It’s sort of amazing isn’t it. Doctors are in short supply; they are rushed during their appointments. But they spend an increasing amount of their time not seeing patients, but documenting what they did when they saw patients earlier in the day. The former benefits society and generates revenue. The latter keeps CMS happy and makes the public health researchers happy — due to the treasure trove of data on inputs.

      If we were paying our own physician bills, we would judge the quality of our physician encounters based on the time spent and how attentive our doctors are. But because we rely on a third party to pay our medical bills, out doctor spends less time with us and more time documenting what he/she did for the payer.

      • Alan RN says:

        I switched to a cash-pay practice recently. I pay the bill and do the insurance run around. My recent visit with my doctor lasted an hour. An hour with your physician is unheard of in the HMO world.

  3. Rebekah Bernard says:

    Thanks for publishing my blog!

    My definition of a Rock Star Doctor is someone who attracts and maintains a great patient following without burning out, and the book tries to encourage younger docs on ways to do that by “working-around” the gazillion administrative challenges that we face every day.

    I am considering transitioning to a Direct Patient Care (DPC) practice – not concierge, but rather a low-fee based subscription type model. This practice type is picking up momentum and has the potential to bring back the physician-patient relationship that we all miss so much.

    Hopefully if I do this, at least some of my Medicare patients will stay with me. It will be hard for me to leave them.

    • Perry says:

      Best of luck, Rebekah.

    • Fred S says:

      I believe the fee based supscription model will prove to work out great for many practices – and patients as well – in the years to come.

      Fred @

    • Devon Herrick is a Rock Star Economist.

    • Stephen Ely says:

      Being ignorant of “how the system works” cause I’m not from this country, I have dedicated my efforts to focusing on my patients to get them and keep them healthy. We see all the same physical maladies that normal people face and we take steps do deal with them as they occur, all while we reinforce the concept of preventative lifestyle that provides results most people want. We have attracted a growing number of patients who have enjoyed the paradigm shift for their benefit. It is possible and realistic and it provides for the patient and my family. And I’m still a sole practitioner.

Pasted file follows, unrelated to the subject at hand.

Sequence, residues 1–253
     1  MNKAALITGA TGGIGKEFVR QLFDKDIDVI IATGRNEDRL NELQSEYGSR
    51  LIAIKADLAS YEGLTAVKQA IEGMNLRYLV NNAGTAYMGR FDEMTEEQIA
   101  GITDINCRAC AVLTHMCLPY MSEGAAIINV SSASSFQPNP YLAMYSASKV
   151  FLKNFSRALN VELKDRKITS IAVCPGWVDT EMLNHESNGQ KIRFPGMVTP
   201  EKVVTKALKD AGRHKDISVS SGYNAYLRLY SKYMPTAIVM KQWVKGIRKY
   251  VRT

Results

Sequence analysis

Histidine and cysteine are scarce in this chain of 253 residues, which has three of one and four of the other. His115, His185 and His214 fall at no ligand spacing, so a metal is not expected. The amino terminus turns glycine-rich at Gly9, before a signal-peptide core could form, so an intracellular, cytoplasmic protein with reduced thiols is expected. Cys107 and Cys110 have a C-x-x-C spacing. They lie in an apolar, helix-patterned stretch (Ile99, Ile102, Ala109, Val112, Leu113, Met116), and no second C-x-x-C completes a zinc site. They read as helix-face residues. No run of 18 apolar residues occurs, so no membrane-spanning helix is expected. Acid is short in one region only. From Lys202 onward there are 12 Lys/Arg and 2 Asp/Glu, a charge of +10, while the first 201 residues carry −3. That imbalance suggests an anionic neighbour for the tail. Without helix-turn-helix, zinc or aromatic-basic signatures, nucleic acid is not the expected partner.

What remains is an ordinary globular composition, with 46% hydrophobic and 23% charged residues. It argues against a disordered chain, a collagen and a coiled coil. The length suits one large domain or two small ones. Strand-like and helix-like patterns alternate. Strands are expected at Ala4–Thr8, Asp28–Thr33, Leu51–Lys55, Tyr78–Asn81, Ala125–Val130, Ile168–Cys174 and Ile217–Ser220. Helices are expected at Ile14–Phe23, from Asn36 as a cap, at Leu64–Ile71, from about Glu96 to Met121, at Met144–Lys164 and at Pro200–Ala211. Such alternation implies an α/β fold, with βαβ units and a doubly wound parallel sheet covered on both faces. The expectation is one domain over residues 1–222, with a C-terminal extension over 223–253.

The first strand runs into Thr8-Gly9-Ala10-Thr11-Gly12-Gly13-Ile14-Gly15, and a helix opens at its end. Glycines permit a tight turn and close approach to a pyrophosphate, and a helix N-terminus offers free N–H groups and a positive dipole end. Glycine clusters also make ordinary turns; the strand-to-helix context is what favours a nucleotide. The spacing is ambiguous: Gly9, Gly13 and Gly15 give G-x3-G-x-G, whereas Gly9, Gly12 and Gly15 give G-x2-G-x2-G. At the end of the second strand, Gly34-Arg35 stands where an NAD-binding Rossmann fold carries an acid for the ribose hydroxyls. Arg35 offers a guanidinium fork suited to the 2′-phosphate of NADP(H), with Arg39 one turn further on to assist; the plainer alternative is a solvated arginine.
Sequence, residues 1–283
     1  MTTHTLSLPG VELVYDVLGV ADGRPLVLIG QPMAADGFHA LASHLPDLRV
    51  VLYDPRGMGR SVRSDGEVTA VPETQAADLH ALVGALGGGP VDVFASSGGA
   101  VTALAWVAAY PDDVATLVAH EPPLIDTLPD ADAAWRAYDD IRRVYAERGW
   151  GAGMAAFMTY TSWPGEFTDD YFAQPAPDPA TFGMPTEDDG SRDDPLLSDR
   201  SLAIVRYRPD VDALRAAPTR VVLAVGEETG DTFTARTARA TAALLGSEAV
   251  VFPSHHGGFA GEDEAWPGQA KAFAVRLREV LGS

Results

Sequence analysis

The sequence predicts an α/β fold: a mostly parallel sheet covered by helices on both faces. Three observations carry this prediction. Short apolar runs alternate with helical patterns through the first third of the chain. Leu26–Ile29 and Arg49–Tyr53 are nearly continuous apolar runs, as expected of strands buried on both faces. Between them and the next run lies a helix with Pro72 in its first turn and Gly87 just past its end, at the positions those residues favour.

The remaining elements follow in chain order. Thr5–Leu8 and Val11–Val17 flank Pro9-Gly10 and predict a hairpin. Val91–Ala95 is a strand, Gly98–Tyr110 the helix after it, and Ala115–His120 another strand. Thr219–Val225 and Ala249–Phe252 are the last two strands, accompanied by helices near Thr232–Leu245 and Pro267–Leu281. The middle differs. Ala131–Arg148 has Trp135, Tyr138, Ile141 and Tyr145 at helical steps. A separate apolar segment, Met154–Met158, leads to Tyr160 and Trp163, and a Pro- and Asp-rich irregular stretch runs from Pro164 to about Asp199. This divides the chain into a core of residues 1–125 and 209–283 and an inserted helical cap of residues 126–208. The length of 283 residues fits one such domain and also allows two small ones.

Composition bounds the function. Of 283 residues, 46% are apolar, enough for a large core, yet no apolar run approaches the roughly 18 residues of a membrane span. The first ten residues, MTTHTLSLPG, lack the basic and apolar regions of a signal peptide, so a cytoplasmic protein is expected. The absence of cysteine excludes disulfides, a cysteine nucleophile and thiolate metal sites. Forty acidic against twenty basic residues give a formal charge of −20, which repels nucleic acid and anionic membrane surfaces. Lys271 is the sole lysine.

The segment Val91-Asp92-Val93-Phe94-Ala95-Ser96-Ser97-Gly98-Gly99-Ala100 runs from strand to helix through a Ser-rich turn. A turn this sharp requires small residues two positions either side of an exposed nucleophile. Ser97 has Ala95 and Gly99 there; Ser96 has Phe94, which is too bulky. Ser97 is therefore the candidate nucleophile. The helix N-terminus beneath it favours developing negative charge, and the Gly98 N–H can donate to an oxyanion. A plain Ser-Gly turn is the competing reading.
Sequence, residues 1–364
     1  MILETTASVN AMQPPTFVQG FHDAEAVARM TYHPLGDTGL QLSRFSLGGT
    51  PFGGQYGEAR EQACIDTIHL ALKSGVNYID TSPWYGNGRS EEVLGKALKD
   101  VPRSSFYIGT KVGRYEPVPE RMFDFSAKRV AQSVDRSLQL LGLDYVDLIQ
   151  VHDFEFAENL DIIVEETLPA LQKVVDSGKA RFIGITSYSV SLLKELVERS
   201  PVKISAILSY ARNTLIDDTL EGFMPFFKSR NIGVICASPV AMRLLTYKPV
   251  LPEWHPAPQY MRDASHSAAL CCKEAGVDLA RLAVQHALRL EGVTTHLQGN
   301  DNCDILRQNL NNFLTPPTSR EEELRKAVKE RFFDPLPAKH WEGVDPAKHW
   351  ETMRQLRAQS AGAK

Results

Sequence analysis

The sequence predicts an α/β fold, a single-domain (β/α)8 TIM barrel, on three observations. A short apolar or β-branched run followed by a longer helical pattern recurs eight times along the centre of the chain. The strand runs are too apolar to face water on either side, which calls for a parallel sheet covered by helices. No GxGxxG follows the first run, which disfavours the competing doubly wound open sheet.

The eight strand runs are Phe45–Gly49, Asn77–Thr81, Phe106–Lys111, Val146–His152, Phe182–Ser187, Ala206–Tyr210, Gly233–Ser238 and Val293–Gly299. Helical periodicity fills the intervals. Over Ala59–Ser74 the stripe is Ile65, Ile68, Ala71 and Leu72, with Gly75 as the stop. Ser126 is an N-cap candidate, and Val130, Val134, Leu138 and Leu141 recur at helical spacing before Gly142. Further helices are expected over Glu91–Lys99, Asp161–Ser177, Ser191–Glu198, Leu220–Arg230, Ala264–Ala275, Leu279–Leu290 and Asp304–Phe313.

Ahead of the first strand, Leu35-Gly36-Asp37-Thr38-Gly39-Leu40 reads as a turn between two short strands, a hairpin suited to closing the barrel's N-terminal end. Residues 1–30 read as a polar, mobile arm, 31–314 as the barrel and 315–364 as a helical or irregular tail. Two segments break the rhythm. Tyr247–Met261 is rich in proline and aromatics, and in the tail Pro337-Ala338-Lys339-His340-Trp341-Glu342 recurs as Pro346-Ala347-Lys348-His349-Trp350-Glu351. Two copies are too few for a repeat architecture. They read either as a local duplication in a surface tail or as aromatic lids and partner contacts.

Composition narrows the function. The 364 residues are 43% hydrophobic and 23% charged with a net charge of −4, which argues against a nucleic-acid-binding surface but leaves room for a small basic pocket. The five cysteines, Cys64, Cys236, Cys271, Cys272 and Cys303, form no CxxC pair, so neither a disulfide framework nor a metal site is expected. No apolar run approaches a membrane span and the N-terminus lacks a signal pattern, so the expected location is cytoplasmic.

Thanks for the article.

  4. Michael Gorback says:

    CMS has turned physicians into the world’s most expensive data entry operators.

    I have refused to adopt EMR. It costs too much to implement, the “meaningless use” program is a rip-off, and productivity sinks about 20%. If I’m forced into it, I will probably take early retirement (I’m 62).

    The penalty for not using EMR is a cut of 1% of my fees this year and 2% next year. It’s worth it compared to the cost of implementing an EMR and the loss of productivity.

    The quality of my personal doctor visits has gone down. They spend all their time staring at a computer screen and typing. I refuse to do that. I can jot down a note on paper and be back looking at the patient before the guy with the tablet can even open the drop down menu.

    “few doctors can afford to dedicate their entire practice to treating Medicare patients”

    Actually that’s not true. You’re more likely to go broke seeing only United Healthcare patients since UHC has been paying many doctors well below the Medicare rate. Yes, people pay UHC $10,000/year in premiums for private insurance with horrible deductibles and UHC pays doctors perhaps 85% of Medicare. In addition, Medicare doesn’t require pre-authorization.

    I dropped my UHC contract last year. I noticed they were paying me 85% of Medicare, which was not the contracted rate. I tried to get it addressed for 6 months and just got a runaround. I dropped Aetna years ago because it seemed like every bill was denied the first time. With Medicare if you know the rules and color inside the lines it’s much easier.

    Doctors can threaten to drop Medicare but for many specialties it’s not feasible. It’s hard to make a living practicing adult cardiology if you don’t take Medicare. If you’re hospital-based (pathology, radiology, anesthesiology, hospitalist, ER, etc)the hospital will insist that you accept Medicare.

    Family docs such as Dr. Bernard have the most leeway since without billing and collection overhead they can structure a fee schedule that many people can afford. A heart surgeon trying to live off of cash patients will have a rough time.

    • Alan RN says:

      UHC is the devil’s spawn IMHO. My employer offers that plan. I took the lowest premium, HSA eligible plan and I switched to a cash-pay physician. I love it. My office visits are paid with a MasterCard connected to my HSA.